Garcia stabs at the record business - 'we want to get out.'
After almost three years of broken promises, the Grateful Dead caravan is finally coming to Britain. They are due here this week for what will undoubtedly prove to be one of THE most talked-about events of this year.
Lounging backstage in a shabby dressing room three flights above the stage of a South-side New York rock hall - its dirty yellow painted walls in an advanced state of decay - Jerry Garcia, who for most people IS the Grateful Dead, rummaged about in his tangled beard and explained the reasons for the group's prolonged delay.
As he spoke, the glare of a naked light bulb - thick in dust - cut through the blue haze of aromatic Mexican incense, casting stark shadows on the wall.
"The reason why we rarely venture out of the States isn't due to what most people might think, a question of finance," Garcia began as the buzz of conversation in the crowded dressing room dropped to a minimum.
"Such is the structure of the Dead that it's difficult for us to make a decision. I mean, we don't have anyone who says, 'Next week we're all going to Europe.' It's not like that at all.
"All major decisions are bounced around from hand-to-hand like a beach ball. Eventually, it's an idea that everyone takes to or it just disappears."
At this particular junction in their career, the Dead, after a generation of just bumming around, are on the threshold of becoming an involuntary star attraction. A predicament that, in all honesty the band want to avoid.
For with good intent, the Grateful Dead are trying to de-escalate their exaltation so that they can continue to evolve at their own pace and by-pass outside pressures.
In a rather roundabout way, this has been reflected in the sparseness of their recorded output. "This is mainly because of marketing, which is the record company's trip," Garcia revealed, still exploring his facial undergrowth.
"Also, we don't want to give endless energy to companies and in doing so attract endless attention to ourselves. In reality, we could put out an album everytime we played, because we record all our gigs."
Then, by way of a rather amazing paradox, Garcia admitted that he didn't feel that any of the Dead's albums were a representative sound scrapbook of the band at the various stages in their growth.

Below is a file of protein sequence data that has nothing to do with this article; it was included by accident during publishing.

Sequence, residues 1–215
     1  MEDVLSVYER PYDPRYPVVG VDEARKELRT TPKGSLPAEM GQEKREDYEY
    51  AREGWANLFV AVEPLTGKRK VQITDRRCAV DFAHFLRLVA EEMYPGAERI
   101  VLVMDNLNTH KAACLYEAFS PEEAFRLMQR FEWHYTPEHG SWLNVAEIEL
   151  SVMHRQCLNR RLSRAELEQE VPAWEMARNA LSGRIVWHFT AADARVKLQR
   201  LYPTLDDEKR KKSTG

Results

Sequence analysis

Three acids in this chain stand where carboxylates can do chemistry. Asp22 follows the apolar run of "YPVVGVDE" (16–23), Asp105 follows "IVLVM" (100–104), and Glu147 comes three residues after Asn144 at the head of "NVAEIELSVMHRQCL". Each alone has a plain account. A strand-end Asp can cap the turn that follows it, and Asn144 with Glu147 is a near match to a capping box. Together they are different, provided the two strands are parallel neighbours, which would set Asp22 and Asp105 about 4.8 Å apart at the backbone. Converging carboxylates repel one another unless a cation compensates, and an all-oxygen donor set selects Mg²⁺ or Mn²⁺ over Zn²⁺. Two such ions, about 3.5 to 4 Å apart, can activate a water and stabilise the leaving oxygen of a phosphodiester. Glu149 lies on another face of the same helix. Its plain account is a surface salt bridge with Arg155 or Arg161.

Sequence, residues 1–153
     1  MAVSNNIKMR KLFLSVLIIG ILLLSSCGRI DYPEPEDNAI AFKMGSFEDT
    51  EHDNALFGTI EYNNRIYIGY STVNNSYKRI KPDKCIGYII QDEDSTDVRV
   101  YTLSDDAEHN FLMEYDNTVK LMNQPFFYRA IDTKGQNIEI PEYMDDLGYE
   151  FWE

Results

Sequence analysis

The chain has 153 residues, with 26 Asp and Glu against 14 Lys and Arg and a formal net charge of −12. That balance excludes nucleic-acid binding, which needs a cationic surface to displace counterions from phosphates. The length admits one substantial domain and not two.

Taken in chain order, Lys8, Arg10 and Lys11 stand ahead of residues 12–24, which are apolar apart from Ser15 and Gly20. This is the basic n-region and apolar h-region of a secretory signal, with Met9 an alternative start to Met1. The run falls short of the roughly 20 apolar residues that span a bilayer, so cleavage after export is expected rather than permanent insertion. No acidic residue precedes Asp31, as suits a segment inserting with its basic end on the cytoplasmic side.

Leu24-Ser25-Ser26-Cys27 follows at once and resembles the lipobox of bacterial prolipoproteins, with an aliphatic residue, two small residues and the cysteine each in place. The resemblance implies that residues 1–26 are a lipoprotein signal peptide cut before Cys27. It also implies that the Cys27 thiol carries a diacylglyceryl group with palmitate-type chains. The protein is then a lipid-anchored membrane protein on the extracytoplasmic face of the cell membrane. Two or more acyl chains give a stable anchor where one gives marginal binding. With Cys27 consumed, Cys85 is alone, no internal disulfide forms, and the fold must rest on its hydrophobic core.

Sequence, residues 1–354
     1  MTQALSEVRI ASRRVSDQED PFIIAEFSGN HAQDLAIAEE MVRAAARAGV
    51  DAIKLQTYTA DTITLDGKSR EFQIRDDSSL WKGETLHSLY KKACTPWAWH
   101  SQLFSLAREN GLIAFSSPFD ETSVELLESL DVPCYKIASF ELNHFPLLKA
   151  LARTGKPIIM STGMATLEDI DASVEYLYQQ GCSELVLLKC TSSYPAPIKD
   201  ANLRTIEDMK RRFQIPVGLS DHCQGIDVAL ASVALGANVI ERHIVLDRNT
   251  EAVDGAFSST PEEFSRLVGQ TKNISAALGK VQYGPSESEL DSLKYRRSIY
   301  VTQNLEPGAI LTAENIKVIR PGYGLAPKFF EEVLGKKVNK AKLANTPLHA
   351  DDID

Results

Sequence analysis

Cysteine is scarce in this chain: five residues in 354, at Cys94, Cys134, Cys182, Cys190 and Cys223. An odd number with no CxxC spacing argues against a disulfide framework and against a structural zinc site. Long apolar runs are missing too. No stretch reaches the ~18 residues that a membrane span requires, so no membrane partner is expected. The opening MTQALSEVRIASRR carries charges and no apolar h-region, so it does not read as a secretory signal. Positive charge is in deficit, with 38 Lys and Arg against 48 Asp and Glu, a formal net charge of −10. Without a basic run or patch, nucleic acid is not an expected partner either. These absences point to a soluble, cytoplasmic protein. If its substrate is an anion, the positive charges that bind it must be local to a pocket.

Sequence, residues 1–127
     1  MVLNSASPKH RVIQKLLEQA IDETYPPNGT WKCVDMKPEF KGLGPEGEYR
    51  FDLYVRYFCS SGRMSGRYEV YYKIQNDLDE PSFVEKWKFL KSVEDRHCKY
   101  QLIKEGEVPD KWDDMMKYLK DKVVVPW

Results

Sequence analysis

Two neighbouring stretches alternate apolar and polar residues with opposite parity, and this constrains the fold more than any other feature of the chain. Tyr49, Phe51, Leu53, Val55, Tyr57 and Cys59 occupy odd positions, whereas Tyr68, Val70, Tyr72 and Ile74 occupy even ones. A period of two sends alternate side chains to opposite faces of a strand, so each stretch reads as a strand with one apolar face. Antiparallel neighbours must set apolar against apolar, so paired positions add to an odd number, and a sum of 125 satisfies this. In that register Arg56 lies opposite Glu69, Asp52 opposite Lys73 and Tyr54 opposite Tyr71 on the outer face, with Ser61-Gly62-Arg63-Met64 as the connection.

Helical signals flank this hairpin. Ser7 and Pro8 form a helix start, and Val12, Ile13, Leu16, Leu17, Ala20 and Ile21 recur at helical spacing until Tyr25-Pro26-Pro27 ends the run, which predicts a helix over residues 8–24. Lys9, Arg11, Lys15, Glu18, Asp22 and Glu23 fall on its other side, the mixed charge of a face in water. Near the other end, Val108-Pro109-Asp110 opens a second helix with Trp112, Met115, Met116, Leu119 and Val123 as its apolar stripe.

"We've never been able to do that," said Garcia. "And the live ones are only approximations, because in reality, what we do is a very long show...much longer than an album. So I don't feel that in any spectacular way we've achieved this.
"Some of the songs are just ones we came up with for those particular albums, but which were never performed on stage. All of them were successful on some level. However, none of them were really representative of what we were actually doing at that time."
After pausing for a moment to evaluate his previous statement, he added: "I suppose you could say that the last album...you know, the live double set, was representative of what we were doing a year or so ago. But since then we're a whole different band."
Garcia then implied that perhaps one day the very best from this enormous collection of unreleased tapes might emerge in one form or another. But he refused to give any further details.
Widely acknowledged as being the epitome of a self-reliant unit, Garcia explained the ideals of one of the Dead's most ambiguous ambitions.
"We would like to be able to make music, put it out, and at the same time get out of the record business entirely - to avoid getting hung up by the business side of music. There's some other space that has yet to be created which would be sympathetic to what we want to do."
At this time, the final ideas hadn't been formulated so he wasn't able to elaborate upon this vision.
However, Garcia was only too pleased to explain why the Grateful Dead were revered as being the definitive exponents of the full spectrum of rock Americana. With a huge grin that managed to reveal itself from behind his hairy profile, he began:
"Why this has happened is because we're all from slightly different musical backgrounds, but we're all Americans and we're all Californians who come from the San Francisco bay area.
"Culturally, we can all communicate really well because we've all lived through the same events in the same area. Yet, we've all been involved in different kinds of music with which we can all interest each other.
"Just like Phil Lesh can always turn me on to something that I've never heard before, because of his musical background. It's entirely different from mine. Likewise I say, 'Hey, you've just gotta listen to this bit of country music that I've got here.'"
By the same token, the Dead don't identify with the labels attached to their name.
"We never thought of 'Workingman's Dead' or 'American Beauty' as being countrified rock albums," he confessed. "In fact, we never thought of them as being country, or rock or anything. They were just albums of original songs."
Group musicians usually involve themselves in the conception of a solo album either as a means to alleviate a gnawing frustration or to bolster an inflated ego. Jerry Garcia made his solo album for a more practical reason.
"What happened was I borrowed some money from our record company in order to buy a house, because renting a house in Marin County is one of the most difficult things to do in the whole world.
"When I borrowed the money, I told the company, 'If you want, I'll do an album for you,' and that's how I got into it.
"I just used Bill Kreutzmann on drums and played all the other instruments myself.
"Making the album was fun and very easy, to the point that I feel that I got away with something."
(by Roy Carr, from the New Musical Express, April 1, 1972)
Thanks to Uli Teute.